As mentioned in previous posts, D2D connections are those links that do not rely on a network infrastructure to intercommunicate with one or more devices. In addition, given the flexibility of its implementation, we can cover a wide range of technologies from which we can take advantage of their algorithm and transmission speed methods.

Among the most popular technologies that D2D can use, we can highlight the use of Bluetooth 5.0 or WiFi Direct. In fact, Bluetooth 5.0 stands out as a low-cost and low-power technology, making it one of the most widely deployed in the market. However, its relatively modest transfer speed makes it suitable for information exchange. WiFi Direct, on the other hand, stands out for its bandwidth and fast transfer rate between devices. However, it is not a technology designed for flexible architectures.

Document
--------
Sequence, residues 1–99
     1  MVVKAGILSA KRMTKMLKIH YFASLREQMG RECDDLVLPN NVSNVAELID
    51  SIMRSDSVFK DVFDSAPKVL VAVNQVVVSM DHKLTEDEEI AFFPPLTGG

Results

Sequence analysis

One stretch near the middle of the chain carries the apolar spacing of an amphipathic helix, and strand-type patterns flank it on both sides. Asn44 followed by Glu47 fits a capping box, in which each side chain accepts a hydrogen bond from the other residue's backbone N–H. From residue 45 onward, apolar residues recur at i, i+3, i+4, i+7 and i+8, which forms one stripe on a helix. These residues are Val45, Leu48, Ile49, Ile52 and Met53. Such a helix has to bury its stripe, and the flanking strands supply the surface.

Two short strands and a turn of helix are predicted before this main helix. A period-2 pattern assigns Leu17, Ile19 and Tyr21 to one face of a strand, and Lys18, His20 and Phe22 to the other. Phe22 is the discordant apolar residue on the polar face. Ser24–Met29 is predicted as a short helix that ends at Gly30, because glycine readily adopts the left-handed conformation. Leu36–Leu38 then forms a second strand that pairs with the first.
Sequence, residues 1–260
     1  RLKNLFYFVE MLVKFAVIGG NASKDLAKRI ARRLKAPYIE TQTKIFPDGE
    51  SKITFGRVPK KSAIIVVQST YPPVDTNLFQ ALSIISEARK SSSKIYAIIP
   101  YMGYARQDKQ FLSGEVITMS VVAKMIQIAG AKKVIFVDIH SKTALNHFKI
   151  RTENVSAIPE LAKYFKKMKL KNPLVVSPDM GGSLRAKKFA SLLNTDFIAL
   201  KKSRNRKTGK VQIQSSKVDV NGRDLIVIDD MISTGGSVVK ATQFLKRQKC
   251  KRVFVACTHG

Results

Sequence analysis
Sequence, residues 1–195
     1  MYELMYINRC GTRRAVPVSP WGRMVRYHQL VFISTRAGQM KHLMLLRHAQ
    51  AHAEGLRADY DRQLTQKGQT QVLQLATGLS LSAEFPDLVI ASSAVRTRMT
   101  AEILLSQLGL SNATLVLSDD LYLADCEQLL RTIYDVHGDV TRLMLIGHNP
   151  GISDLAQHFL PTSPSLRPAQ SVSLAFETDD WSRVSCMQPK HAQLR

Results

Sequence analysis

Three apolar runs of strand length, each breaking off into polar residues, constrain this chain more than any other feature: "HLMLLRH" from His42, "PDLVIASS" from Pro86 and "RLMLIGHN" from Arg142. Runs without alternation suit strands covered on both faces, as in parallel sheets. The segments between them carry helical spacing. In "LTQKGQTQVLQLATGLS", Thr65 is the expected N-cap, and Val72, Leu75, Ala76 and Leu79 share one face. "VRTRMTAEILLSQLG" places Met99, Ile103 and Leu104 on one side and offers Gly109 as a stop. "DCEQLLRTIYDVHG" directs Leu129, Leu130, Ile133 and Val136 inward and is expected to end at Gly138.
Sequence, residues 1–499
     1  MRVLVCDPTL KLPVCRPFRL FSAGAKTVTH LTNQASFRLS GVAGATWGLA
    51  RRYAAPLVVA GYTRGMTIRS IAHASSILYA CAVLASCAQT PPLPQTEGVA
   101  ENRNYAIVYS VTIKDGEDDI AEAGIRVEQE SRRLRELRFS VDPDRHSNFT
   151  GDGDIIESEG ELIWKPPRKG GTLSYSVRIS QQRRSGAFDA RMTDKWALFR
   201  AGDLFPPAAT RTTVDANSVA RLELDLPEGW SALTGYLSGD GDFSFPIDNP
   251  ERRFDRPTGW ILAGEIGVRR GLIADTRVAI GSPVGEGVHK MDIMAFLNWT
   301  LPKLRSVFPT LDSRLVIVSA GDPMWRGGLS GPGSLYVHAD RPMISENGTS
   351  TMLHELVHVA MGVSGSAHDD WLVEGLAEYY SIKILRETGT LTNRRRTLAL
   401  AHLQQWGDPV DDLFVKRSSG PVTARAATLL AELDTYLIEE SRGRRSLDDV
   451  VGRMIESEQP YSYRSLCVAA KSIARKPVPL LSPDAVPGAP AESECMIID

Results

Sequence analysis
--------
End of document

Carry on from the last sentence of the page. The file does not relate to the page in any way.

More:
That said, D2D can use both technologies, taking advantage of each and compensating for their weaknesses. This can be achieved by analyzing the strategies used for each use case.

An example of  this can be the use of Bluetooth 5.0 for the interconnection of IoT devices in agriculture. Here, the devices need a flexible architecture and do not require a high transfer rate due to the messages they carry.

Another example could be a use cases that require a high throughput rate but with a more rigid architecture, such as streaming information or the distribution of data files between users. Here D2D can take advantage of the neighbor discovery protocol of Bluetooth 5.0 and the throughput rate of WiFi Direct links. 

In conclusion, D2D can be an attractive solution in the IoT market due to its flexibility to cover a large number of solutions and its ability to combine different technologies to maximize their benefits.